My parents recently surprised us with the ultimate gift: a rambunctious eleven-week-old Labrador Retriever puppy we named Gertie. Not only a new member of our family, Gertie will also soon start training to be a service dog for my mother-in-law (a wheelchair-bound paralyzed stroke survivor) but try explaining that to two little boys. When Charlie and JD first met her, they were immediately smitten. She became their best friend, their sister, their all-consuming obsession and the best gift anyone had EVER given them. Charlie can play ball with Gertie for HOURS and it took no time at all for her to train JD to throw down a Cheerio with a little commanding yip.
Ryan and I, on the other hand, suddenly became parents of another toddler. One that nips, chews, barks and wakes up three times a night, whining to be taken outside to pee. We have already consulted a trainer and Gertie has proven extremely responsive to our bad habit- breaking efforts, but the nighttime potty breaks will continue until she gets better at “holding it”. As much as we complain though, I’m secretly relieved that she joyously bounds into her crib…oops I mean crate…to go to bed at night while I wrestle to tuck her screaming “brothers” into bed. I wish the boys would whine politely when they needed to relieve themselves too…but we’ll keep working on that. Lord knows I don’t need more diapers!
Gertie woke me up at 2:30 this morning, whining and scratching at the door of her crate in her tell-tale “I’ve got to pee!” way. Out we went into the front yard. I stood in the pitch blackness, pulling my bathrobe tight against the freezing air while Gertie circled the big oak tree for the twentieth time in search of the elusive “perfect place to urinate”. Typically she would find the spot, do her business, then make a mad dash for the front door and then to her cozy warm bed-lined crate in our bedroom. Today, however, was the exception.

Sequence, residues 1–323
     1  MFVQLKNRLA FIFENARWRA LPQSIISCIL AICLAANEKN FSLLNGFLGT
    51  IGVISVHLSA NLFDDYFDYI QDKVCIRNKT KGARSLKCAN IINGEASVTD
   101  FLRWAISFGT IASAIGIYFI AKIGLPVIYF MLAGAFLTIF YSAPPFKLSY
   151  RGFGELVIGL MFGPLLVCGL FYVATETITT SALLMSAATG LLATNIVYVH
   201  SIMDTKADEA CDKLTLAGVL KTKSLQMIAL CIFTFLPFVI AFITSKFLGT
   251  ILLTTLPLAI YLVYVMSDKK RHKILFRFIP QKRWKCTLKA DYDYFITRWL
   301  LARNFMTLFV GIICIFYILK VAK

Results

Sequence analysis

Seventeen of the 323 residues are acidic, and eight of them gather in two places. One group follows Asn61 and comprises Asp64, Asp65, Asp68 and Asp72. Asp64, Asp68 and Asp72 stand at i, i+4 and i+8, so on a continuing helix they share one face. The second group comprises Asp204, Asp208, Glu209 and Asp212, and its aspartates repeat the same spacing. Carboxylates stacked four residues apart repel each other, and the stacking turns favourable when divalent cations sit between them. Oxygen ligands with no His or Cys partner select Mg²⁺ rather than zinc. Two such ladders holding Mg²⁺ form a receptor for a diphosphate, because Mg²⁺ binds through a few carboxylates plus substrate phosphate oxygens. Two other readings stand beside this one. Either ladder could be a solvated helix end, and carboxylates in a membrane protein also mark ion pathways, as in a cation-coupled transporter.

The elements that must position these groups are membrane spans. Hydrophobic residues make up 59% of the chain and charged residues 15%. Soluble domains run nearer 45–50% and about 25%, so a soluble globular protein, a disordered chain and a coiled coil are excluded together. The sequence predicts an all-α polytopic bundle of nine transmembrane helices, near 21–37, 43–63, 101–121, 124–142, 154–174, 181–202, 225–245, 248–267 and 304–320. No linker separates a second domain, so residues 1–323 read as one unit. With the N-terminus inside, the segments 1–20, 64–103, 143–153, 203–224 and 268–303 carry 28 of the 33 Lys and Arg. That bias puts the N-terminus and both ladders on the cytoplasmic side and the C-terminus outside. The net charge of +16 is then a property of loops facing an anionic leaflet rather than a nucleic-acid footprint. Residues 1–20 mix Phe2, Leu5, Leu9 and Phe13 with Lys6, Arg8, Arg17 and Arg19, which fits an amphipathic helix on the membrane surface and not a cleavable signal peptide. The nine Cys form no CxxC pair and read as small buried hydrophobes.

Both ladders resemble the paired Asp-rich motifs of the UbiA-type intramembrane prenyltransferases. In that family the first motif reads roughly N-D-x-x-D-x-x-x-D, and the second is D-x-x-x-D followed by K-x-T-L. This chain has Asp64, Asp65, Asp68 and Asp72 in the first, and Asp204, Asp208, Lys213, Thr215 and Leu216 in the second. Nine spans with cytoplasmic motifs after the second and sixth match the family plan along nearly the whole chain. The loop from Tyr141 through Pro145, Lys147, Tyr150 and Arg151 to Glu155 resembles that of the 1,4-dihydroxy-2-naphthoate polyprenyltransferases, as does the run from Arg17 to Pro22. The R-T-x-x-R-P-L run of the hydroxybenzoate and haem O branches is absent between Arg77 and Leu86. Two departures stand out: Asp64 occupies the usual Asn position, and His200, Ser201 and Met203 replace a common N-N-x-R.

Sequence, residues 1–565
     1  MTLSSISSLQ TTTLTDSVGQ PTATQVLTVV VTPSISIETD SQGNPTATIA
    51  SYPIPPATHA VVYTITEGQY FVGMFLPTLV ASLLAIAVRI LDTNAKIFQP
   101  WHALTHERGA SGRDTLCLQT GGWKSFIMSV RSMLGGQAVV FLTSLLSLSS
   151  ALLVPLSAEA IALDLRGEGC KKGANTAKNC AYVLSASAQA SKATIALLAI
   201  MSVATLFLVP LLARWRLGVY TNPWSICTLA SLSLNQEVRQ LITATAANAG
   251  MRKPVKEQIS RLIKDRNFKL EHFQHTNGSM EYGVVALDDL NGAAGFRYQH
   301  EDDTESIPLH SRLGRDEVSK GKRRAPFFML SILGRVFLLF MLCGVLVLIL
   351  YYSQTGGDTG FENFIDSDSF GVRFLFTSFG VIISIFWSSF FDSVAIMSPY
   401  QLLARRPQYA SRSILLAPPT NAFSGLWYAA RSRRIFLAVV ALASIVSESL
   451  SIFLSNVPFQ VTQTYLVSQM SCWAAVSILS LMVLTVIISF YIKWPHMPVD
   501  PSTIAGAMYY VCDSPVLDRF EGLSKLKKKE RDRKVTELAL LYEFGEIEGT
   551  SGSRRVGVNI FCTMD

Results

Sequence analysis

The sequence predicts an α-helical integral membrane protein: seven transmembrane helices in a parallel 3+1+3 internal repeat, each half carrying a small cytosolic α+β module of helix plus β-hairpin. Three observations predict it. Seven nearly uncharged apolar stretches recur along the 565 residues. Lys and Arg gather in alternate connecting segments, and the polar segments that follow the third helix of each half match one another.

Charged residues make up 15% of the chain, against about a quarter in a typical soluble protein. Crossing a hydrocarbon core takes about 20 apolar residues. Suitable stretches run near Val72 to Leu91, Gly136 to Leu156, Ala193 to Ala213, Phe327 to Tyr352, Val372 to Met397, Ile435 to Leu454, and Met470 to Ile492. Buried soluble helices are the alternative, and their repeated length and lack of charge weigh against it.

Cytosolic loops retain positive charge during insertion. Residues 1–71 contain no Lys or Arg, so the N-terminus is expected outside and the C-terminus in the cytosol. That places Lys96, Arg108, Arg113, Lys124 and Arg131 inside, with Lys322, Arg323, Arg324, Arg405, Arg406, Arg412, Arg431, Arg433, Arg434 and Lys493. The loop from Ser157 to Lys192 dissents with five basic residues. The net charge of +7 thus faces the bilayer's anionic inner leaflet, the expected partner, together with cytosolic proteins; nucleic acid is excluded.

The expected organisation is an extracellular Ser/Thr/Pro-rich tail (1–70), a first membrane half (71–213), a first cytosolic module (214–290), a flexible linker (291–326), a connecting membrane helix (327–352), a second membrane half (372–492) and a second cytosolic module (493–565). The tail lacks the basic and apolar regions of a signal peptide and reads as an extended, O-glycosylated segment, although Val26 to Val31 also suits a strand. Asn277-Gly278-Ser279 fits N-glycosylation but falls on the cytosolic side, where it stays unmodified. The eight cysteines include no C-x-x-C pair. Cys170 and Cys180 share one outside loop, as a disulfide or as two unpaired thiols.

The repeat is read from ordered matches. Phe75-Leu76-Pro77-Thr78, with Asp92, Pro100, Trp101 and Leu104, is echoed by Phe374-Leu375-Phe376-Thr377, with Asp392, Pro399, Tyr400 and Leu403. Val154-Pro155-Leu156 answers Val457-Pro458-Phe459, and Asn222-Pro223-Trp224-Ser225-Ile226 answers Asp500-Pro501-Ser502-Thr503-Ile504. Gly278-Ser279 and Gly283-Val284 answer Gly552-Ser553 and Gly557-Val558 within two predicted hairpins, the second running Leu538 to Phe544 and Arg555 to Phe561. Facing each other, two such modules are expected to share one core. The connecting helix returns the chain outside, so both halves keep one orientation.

Around oak tree lap number twenty three, Gertie stopped in her tracks. She held her head up high and perked her ears. Suddenly, she took off running across the yard at full speed, disappearing into the darkness. And that’s when I heard it: Coyotes.
Our farm is a fairly expansive piece of land consisting mostly of crop fields, except for the two acres surrounding the house which is secured by an 8′ tall chain link fence. The gates in the front and rear are kept securely locked at night and has proven extremely effective at keeping the coyotes and other predators OUT in the past. Standing in the dark this morning though, I found myself questioning every hole and gap in the perimeter and praying that it would keep a tiny puppy INSIDE the property.
I took off running, sliding around on the cold wet grass in my slippers, screaming Gertie’s name. As I came closer to the fence that borders the side field, I could just make out the silhouette of two small adolescent coyotes on the other side of the chain link. They were cheerfully yipping and bouncing around. Gertie (Thank God!) was still on my side of the fence, happily barking back, crouched down playfully with her butt in the air and her tail wagging excitedly. In one swift motion, I scooped her safely into my arms. Next, I shook the chain link fence and loudly yelled “SCAT!!! SHOOOOO!!!!” at the coyotes who had already began their retreat into the dark crop field.
As I walked back to the house, I hugged Gertie tightly to my chest and felt an overwhelming sense of relief wash over me. We’ve only had Gertie for one week but I suddenly realized how devastated I’d be if anything would’ve happened to her…not to mention the unspeakable loss to my boys. She is officially one of my kids now and, as such, required a heart-to-heart. I held her up so her glossy black puppy eyes looked directly into mine and said
“Gertie, we DO NOT take candy from strangers!”
I explained that those coyotes didn’t really want to play with her. They’re just kidnappers!! They wanted to coax her to the other side of that fence so the rest of their pack could grab her and do unspeakable things and we’d never see her again.
She was very focused during our conversation so I felt confident that…well, she’s a puppy so I felt confident that I’d just need to use the leash when I take her out to pee from now on. But she did seen apologetic. She even whined when I set her down in the living room. But then she ran straight back to the front door and scratched to go back outside. I instantly assumed the worst:
“She wants to go back to the kidnappers? …Stockholm syndrome!”
But before I could react…she peed on the floor.
Totally my fault. I’d complety forgotten the reason we had gone outside in the first place: Gertie had still been circling the tree when we were so rudely interrupted by the coyote kidnappers. Oops.